IView Media Pro cataloged every single image we threw at it, including images from the newly released Canon 30D. Portfolio’s recent release of RAW Filter 3 added long-overdo support for, among others, the 5D, D50 and D200, so Canon’s 30D was the only RAW format that was not supported. That, plus Extensis’ history of slow support for new file formats, led us to give the nod to IView Media Pro.

Everything we could throw at IView Media Pro was properly cataloged

Winner: IView Media Pro

Shootout #3: Basic Functionality

Out of the box, both user interfaces look appealing and easy to learn. Just create a new catalog, then drag an image, a folder or an entire drive onto the main working area and the cataloguing process begins. Both products recognize the most common sets of metadata (EXIF, IPTC, XMP) and upload these with the images into catalogs. Organizational bars on the left allow you to group images and metadata can be displayed for any selected image. Metadata can also be used at any given time to search for images. Both allow for automatic synchronization between catalogs and folders, so as you add images to a folder, they get added to the catalog. Similarly, if you change an image in a folder, both programs re-catalog it.


Portfolio’s main interface – unfortunately, the Canon 30D is not yet supported

Additional functionality in both includes slideshow support, export to different file formats, creating web pages or basic file operations such as moving or deleting images.

While both products behaved in a very similar fashion, two minor feature differences stood out: Portfolio immediately saves any change to the catalog, while you have to manually save your work in IView Media Pro. My test system once crashed and the work of the last 30 minutes was lost, so I wished IView Media Pro would have behaved like Portfolio. In addition, Portfolio displays search results in a separate view, whereas in IView Media Pro you have to jump from one search result to the next. It’s certainly a matter of personal taste, but I prefer the separate view, since it allows me to compare search results side by side. Due to these two differences, Portfolio appealed to me slightly more than IView Media Pro.

Note: iView MediaPro has now an option to save in certain time intervals (e.g. at a 5 minute default).

Winner: Portfolio

Shootout #4: Image Quality

Both products come with a built-in image viewer/editor, which allows you to view images and perform some basic editing functions. Since I never edit within a catalog, I did not cover them for this shoot-out. However, when viewing an image and zooming in, there’s no visible difference between the two products up to a 100% zoom. Only at 200% or larger does IView Media Pro render the image better than Portfolio. Not a substantial difference to me.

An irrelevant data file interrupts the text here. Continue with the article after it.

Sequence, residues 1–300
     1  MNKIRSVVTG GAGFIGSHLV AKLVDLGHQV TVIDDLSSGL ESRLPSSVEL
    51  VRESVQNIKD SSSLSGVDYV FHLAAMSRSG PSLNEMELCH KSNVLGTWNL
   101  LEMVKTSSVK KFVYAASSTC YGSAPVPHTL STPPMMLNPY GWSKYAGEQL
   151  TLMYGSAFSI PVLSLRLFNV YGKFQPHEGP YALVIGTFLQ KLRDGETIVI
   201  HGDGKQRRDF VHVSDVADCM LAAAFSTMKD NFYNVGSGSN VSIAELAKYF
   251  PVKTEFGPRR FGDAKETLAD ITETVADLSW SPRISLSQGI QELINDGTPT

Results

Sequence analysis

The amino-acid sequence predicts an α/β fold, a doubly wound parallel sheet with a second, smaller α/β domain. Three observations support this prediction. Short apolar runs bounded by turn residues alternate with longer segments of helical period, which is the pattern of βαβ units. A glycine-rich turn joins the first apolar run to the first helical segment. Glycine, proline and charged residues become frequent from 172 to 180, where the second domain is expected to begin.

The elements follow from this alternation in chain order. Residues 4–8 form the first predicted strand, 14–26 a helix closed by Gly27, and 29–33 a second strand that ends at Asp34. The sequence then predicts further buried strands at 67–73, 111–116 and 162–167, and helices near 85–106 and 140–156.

Which is which? No difference in image quality in 100% crops


Only in 200% crops is there a visible difference between IMP (left) and Portfolio (right)

Both Products also support storing preview images. Without preview images, both products access the actual image and render them on the screen. Obviously, this does not work for images that are stored on offline media, e.g., on a CD or DVD. Thus, it makes sense to use previews, so you don’t depend on all the images being accessible all the time. When creating a new catalog, Portfolio is more user-friendly by prompting whether to generate these previews, whereas you have to access the thumbnail preference dialog in IMP to enable previews. IMP stores all previews inside the catalog, whereas Portfolio stores them in a subfolder as individual JPEG files. Both ways work for me as long as I don’t forget to backup the preview files!

Out of the box, the preview image quality looks slightly better in Portfolio. However, it is comparable when manually setting the preview quality to High in IMP.


Portfolio’s Previews (left) look slightly better and sharper than IMP’s

However, much more important is the lack of support for Color Management in Portfolio. If you look at multiple versions of the same image in a catalog without color management, you might not be able to pick the correct one, since colors could be off in the previews, so the lack of color management support is substantial. IView Media Pro also opens large files (>100MB, e.g. layered Photoshop files or large panoramas) quicker and allows me to look at the histogram of any image. All of these, but esp. the support for Color Management, give the advantage to IView Media Pro.

Winner: IView Media Pro

 

Part 2 to follow